The birth of Akragas

The first settlement: the foundation of Akragas

More than 2500 years ago, in 580 BC, some rhodium-Cretan settlers living in Gela founded Agrigento on the south-western coast of Sicily.
Aristino and Pistilo, the two commanders of the expedition, identified a prosperous and luxuriant site around 3 km from the sea, which was rich in water and fertile soil, and ideal for a new settlement. In that flourishing territory stood a vast plateau with a steep rocky ridge, surrounded by two rivers.Nature was particularly rich in this place: the mild climate and the flowing waterways made the surrounding land very fertile and suitable for both field cultivation and cattle grazing.
The name of the main river, which flowed east of the plain, was Akragas : the word came from the Greek “karkinos”, meaning “crab”, probably because of the numerous crabs that populated its waters. This river was so important to the ancient city that it was revered almost like a deity. Its tributary was called Hypsas and ran west of the plain, then merged with the Akragas river before they flowed together into the sea.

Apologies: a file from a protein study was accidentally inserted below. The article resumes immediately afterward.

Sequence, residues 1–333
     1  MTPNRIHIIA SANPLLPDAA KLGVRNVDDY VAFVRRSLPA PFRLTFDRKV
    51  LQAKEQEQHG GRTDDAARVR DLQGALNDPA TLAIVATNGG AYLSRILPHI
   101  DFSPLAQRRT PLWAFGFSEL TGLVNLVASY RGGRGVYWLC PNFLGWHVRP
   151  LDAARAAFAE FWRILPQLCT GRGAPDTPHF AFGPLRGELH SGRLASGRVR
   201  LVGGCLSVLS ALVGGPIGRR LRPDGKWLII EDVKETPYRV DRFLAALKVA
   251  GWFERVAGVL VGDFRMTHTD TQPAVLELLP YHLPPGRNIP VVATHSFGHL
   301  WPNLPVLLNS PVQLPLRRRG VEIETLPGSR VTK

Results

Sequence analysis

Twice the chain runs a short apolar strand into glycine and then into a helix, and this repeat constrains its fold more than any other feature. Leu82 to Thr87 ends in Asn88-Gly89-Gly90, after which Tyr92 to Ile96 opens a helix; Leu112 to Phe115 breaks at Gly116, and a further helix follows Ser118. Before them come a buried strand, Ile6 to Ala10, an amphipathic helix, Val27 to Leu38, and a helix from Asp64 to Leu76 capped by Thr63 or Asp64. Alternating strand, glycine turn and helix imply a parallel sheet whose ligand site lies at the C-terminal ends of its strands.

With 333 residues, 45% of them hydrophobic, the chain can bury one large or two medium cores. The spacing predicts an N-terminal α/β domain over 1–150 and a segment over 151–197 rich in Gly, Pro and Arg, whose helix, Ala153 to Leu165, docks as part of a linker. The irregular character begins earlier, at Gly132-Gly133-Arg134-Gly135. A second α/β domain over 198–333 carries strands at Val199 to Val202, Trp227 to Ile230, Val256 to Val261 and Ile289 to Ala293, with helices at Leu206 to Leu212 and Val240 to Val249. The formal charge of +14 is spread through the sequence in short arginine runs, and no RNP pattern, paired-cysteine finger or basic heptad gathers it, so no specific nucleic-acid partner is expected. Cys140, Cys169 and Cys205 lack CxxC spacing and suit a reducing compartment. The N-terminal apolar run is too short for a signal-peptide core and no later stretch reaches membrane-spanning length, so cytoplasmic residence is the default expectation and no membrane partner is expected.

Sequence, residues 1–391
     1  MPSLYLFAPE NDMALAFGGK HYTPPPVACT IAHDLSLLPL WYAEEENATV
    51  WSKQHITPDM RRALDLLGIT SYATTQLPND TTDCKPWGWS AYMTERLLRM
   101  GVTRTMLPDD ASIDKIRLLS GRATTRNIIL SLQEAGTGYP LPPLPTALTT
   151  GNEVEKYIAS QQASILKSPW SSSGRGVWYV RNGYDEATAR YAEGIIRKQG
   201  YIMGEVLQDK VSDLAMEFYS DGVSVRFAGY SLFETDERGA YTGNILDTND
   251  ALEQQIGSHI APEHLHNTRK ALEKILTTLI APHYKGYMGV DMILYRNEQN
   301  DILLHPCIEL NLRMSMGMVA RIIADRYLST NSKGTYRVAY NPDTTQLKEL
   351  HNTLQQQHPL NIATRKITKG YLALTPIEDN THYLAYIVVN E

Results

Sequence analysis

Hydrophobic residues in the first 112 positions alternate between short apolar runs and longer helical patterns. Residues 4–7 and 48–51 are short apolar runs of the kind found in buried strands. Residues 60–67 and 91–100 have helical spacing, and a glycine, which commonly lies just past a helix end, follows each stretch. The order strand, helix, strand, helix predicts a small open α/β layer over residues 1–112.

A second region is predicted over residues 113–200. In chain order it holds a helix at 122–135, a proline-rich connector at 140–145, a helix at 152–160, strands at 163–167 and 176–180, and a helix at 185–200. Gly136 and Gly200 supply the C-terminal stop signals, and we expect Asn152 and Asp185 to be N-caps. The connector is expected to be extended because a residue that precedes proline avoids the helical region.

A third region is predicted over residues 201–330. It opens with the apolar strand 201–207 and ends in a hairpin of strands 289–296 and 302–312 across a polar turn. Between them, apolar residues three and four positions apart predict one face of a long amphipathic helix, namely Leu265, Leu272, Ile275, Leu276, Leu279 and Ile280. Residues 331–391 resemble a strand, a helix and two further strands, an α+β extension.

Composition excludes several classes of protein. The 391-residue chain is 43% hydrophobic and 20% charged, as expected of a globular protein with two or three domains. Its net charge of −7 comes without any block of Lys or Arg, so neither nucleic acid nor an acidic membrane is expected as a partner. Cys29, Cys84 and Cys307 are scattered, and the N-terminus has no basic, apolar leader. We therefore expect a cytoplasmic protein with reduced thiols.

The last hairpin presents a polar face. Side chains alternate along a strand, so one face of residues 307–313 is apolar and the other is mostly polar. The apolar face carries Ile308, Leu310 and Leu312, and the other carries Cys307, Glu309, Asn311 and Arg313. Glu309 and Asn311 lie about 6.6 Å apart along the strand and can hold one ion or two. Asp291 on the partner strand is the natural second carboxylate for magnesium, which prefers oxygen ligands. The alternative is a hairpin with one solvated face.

The sheer proximity to the sea was another strong point for ancient Agrigento: it was far enough away to avoid its dangers, but close enough to benefit from the trade of subsoil products, which the territory was particularly rich in.

The cult of Demeter and Persephone

Akragas in the beginning

The Temple of Concordia

A monument for the victory over Carthage: the Temple of Olympian Zeus

The sanctuary of the chthonic deities

Empedocles, the political philosopher

The lively decorations of the temple

The Akragas building sites

The walls of Akragas in the fifth century BC

The Kolymbetra Garden

Sacrifices for the goddesses that made the fields fertile

Phalaris, the terrible tyrant

The Temple of Heracles

The Temple of Hera Lacinia

The Eleusinian mysteries

Vegetation in the Gardens

The most beautiful city of mortals

The Twelve Labours of Heracles

The Sanctuary of Asclepius: a place of welcome for the sick

From pagan cults to Christian worship: the Church of St. Gregory

The Temple of Demeter

The Temple of Asclepius

Theron, tyrant of the arts and victories

Reinforcement of natural ramparts